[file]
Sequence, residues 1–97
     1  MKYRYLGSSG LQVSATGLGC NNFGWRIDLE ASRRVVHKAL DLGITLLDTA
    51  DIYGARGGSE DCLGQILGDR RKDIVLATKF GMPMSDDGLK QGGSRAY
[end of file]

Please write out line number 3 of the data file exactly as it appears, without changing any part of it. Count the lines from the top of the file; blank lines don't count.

    51  DIYGARGGSE DCLGQILGDR RKDIVLATKF GMPMSDDGLK QGGSRAY